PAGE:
Tech CEOs Give White House Budget Advice - InformationWeek

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10/6/2010
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Tech CEOs Give White House Budget Advice

Top officials at major tech companies offered White House economic officials a plan to save the government $1 trillion by 2020, mostly through better use of IT.

Tech industry CEOs converged on Washington on Wednesday to present Obama administration officials with an industry plan to save the government $1 trillion by 2020, with the prospective savings coming largely through more effective use of information technology.

The top execs of IBM, Dell, Applied Materials, Intel, Micron and Motorola shared the plan, outlined in a Technology CEO Council report titled "One Trillion Reasons," with the White House economic team, including Federal Reserve chair Ben Bernanke, National Economic Council director Larry Summers and Council of Economic Advisers chair Austan Goolsbee, and was submitted to a federal commission looking at ways to reduce the federal deficit.

The Tech CEO Council's recommendations include a number of steps that could save the government significant money without requiring major program cuts, big tax hikes or even much new legislation. In fact, many of the steps are already part of or are extensions of federal CIO Vivek Kundra and federal chief performance officer Jeff Zients' tech agenda.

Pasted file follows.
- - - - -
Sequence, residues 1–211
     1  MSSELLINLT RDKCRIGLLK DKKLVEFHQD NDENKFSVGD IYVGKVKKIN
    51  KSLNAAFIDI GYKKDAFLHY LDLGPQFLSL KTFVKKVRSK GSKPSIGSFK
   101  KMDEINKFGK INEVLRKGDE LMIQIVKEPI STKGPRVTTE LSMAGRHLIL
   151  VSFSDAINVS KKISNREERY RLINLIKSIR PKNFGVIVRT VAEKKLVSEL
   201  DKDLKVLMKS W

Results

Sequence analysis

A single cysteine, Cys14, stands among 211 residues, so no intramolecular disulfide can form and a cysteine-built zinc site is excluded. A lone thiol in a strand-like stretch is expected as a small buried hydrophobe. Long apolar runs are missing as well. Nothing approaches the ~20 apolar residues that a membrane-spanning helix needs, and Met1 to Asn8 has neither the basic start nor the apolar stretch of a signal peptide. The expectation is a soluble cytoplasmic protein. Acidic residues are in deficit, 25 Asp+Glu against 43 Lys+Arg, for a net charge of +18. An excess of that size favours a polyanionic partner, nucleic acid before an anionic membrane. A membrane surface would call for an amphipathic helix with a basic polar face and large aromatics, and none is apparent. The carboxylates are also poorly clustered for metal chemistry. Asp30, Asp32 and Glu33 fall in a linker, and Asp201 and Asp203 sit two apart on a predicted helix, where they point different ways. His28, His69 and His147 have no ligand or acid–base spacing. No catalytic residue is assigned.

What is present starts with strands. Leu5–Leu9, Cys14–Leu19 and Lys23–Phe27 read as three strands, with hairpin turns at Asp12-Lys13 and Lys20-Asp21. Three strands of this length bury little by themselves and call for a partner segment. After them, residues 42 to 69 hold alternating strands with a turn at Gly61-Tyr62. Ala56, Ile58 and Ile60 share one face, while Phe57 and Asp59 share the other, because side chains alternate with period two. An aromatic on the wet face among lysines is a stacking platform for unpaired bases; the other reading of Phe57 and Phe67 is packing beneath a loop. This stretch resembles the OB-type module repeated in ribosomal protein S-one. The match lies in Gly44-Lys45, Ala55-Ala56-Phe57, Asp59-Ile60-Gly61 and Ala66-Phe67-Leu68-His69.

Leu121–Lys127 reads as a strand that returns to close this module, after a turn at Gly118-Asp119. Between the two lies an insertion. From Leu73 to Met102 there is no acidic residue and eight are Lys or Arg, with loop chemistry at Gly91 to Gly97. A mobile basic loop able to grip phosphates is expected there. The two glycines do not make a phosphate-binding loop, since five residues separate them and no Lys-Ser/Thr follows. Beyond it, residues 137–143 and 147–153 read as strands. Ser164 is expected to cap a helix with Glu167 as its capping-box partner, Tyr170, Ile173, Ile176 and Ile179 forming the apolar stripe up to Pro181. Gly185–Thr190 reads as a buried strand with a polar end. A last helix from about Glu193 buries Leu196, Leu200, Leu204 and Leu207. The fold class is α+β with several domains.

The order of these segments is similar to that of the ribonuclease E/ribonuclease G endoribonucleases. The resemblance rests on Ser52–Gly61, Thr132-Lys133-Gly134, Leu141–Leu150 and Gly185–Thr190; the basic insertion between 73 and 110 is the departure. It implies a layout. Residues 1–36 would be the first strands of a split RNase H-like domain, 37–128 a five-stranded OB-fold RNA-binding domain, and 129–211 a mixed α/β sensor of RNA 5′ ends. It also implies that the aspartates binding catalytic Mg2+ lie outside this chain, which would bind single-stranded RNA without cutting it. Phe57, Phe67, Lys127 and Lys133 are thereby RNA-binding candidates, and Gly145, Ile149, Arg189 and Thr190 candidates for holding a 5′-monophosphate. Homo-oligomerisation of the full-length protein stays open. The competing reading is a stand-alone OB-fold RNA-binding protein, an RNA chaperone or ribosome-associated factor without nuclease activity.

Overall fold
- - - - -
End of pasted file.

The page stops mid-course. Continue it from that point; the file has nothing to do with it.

"Recent discussion of the fiscal crisis appears to be trapped inside this conundrum," the report says. "We hear about draconian, across-the-board spending reductions -- or equally sweeping tax hikes. Based on our experience in the technology industry, we believe there is a better way."

The report centers on seven specific initiatives the government can carry out, including consolidating infrastructure, streamlining supply chains, reducing energy use, moving toward shared services, applying advanced business analytics to reduce fraud and waste, moving toward electronic self-service for government services and monetizing excess government assets by leasing or them off. The report cites examples to back up its claims.

Simply by decreasing duplicative supply chains, the report says, the federal government could save as much as $500 billion over 10 years, citing supply chain reforms at the postal service that cut supply chain costs by 20%. Stopping fraud with advanced BI, meanwhile, could save the government $200 billion over that time frame, the report said.

In a response to the report posted on the White House's blog, Zients said that he agreed with many of the group's findings, and noted that many of the proposed initiatives are already underway in one form or another. "We look forward to working with this group and people from across the country to create a government that is more effective and efficient, more open and accountable," he wrote.

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